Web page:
Climate Change – Blanket climate denial is developing into a dangerous embarrassment. Conservatives have a key role to play in preventing the left from using climate change as a lever to further unrelated goals. Carbon reduction, no matter how extreme, will not stop global warming in our lifetimes, and perhaps not within centuries. We will need technology and infrastructure to cope with a changing climate. Mitigation will require lots of cheap energy. Republicans need to be in the thick of the debate over dealing with climate change.
The Knowledge Economy – The unemployment rate for college graduates is currently less than 4%. Our “struggling” economy is starving for workers to fill some of the best jobs that have ever existed.
It takes more than good schools to get people ready for college and careers. Few can afford tuition and the cost of many long years out of the job market without the support of healthy families, strong communities and financial assistance. A more intelligent, compassionate social conservatism may be the missing policy key that opens up opportunity for more people to enjoy a better financial future.
Real Financial Reform – The age of blind deregulation may have ended, but Obama has replaced it with a blizzard of paper regulations that obscure the problems in our financial markets rather than addressing them. We need fewer, better rules designed to bring real transparency. Republicans have an opportunity to develop sensible reforms that would end the worst abuses in derivatives, proprietary trading, and mortgage finance. We cannot do this unless we abandon our fantasies about self-regulating markets.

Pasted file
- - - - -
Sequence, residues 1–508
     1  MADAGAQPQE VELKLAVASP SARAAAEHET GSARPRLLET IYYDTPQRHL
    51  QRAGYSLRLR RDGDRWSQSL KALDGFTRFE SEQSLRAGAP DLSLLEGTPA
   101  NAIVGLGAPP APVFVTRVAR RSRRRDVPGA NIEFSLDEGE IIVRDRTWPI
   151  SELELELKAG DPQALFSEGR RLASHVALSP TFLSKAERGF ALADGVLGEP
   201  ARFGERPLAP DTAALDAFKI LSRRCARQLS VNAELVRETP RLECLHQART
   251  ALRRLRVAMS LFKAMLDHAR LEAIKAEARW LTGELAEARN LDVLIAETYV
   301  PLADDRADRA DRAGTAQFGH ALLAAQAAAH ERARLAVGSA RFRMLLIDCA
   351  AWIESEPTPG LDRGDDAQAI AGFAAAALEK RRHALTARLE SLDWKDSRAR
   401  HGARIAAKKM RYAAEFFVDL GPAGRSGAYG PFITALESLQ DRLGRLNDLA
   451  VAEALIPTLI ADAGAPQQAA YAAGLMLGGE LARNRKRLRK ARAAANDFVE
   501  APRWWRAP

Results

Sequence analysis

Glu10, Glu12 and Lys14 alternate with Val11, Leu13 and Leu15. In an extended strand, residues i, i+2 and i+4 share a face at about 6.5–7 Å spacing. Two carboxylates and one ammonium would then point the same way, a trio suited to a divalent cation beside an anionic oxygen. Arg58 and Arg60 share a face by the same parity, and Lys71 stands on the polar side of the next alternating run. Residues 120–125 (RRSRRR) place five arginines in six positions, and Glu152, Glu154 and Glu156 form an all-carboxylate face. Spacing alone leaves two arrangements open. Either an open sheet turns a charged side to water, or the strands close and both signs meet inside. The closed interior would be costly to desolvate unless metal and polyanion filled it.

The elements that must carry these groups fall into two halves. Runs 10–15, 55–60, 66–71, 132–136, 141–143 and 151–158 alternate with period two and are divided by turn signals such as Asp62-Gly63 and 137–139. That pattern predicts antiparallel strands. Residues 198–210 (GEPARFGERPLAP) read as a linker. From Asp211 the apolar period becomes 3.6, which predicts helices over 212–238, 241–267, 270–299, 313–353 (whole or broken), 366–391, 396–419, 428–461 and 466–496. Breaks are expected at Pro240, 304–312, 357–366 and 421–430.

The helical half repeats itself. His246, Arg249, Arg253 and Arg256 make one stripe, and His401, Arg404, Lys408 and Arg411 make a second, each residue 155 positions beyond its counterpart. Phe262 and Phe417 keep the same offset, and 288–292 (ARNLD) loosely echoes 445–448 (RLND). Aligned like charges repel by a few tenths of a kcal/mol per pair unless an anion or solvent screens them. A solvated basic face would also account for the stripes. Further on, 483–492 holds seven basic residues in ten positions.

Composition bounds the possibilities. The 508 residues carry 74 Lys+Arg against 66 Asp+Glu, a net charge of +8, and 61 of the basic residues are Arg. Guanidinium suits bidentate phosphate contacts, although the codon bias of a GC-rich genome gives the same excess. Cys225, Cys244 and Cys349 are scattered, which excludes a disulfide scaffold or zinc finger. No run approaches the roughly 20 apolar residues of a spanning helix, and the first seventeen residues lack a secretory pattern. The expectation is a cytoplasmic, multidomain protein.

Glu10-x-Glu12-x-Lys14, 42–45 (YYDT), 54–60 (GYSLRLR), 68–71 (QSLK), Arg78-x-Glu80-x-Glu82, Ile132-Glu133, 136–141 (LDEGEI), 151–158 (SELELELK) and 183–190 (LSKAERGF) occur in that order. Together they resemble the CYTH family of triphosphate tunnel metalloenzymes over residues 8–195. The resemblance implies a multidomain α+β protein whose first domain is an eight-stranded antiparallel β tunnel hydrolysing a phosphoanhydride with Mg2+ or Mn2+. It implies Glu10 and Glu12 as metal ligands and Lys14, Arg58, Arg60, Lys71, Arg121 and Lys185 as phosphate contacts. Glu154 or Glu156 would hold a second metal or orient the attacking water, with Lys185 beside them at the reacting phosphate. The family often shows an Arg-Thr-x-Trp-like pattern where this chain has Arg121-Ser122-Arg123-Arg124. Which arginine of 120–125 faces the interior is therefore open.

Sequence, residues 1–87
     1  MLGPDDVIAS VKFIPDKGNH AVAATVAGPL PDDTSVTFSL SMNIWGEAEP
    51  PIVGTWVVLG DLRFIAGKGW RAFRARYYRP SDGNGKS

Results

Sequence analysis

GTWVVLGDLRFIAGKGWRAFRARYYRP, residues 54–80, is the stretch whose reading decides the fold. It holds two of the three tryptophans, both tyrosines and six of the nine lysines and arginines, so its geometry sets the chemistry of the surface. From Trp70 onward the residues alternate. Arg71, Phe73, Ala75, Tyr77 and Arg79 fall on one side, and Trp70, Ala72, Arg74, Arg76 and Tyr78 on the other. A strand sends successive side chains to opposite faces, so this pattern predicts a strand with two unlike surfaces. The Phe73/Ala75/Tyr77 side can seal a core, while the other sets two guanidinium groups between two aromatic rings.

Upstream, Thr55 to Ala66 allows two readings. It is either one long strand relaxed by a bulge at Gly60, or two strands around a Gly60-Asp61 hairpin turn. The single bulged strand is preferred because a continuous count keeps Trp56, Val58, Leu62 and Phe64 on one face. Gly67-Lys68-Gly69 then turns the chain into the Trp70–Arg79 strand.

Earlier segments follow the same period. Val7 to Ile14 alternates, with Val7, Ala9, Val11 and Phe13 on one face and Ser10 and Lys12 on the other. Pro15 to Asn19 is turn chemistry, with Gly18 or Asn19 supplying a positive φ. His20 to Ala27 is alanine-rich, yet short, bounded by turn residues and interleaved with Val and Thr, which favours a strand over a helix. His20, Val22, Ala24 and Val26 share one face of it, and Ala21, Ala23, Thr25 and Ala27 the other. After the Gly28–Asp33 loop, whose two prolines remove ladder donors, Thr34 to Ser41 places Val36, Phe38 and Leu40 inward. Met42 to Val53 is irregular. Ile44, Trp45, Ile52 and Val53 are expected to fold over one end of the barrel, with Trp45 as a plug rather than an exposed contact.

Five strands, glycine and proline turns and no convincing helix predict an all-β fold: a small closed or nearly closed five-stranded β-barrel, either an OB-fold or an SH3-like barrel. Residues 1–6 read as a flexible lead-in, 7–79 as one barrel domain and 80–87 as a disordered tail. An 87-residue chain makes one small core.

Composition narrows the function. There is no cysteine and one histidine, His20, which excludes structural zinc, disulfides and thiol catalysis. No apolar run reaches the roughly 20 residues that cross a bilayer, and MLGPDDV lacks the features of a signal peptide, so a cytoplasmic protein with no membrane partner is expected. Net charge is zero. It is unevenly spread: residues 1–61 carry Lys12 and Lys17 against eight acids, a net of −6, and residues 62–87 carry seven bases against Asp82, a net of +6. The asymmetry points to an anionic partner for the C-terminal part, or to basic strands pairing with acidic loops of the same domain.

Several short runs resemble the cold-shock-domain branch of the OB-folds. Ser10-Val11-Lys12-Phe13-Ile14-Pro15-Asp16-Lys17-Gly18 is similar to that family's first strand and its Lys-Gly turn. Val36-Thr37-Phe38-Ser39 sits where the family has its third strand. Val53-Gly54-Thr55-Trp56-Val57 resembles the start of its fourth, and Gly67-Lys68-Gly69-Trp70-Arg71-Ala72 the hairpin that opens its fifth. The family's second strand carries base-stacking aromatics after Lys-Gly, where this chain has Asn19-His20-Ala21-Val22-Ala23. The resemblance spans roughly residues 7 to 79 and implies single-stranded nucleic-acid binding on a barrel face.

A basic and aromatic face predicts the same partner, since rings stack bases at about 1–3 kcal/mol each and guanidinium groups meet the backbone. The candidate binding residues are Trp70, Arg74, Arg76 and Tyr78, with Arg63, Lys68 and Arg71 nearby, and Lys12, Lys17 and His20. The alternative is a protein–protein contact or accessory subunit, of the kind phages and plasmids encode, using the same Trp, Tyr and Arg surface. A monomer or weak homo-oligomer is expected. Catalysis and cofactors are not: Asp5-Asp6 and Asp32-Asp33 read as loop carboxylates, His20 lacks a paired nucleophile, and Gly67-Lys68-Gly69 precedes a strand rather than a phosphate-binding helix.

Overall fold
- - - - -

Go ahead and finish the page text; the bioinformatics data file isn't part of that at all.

Education – Our public schools are not a jobs program for teachers and administrators. Our education system is the most critical component of our economic infrastructure. We must clear the way for schools to adapt to present needs without interference from unions on one side, and anti-science hacks on the other. Our Industrial Age schools need to evolve to meet Information Age demands.
By challenging public employee unions and local bureaucracies that stand in the way of meaningful education reform, Republicans could find our best opportunity to restore our foothold in America’s big cities.
These ideas are only a beginning, but they represent a shift from the current Republican mindset toward something with a stronger basis in the real world. There is little in this message that would alienate people on the basis of race or religion. Little of it would be controversial outside the fringes of the right or left.
This approach would be a departure from the 50%+1 strategy of the Rove Era, when base enthusiasm reigned supreme and the need to govern was a secondary concern. It is time to reject contrast in favor of consensus, to embrace pragmatism over ideology. We cannot meet that goal if we remain trapped in paranoid echo-chambers, isolated from the concerns of new constituencies.
Americans want a government that will work. No one is better suited than Republicans to deliver that vision. Let’s climb out of our bunkers, let our eyes adjust to the sunlight, and start building a better future.
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ABOUT THE AUTHOR: Chris Ladd is a Texan who is now living in the Chicago area. He is the founder of Building a Better GOP and has served for several years as a Republican Precinct Committeeman in DuPage County, IL, and was active in state and local Republican campaigns in Texas for many years. (Email: chrladd AT gmail DOT com)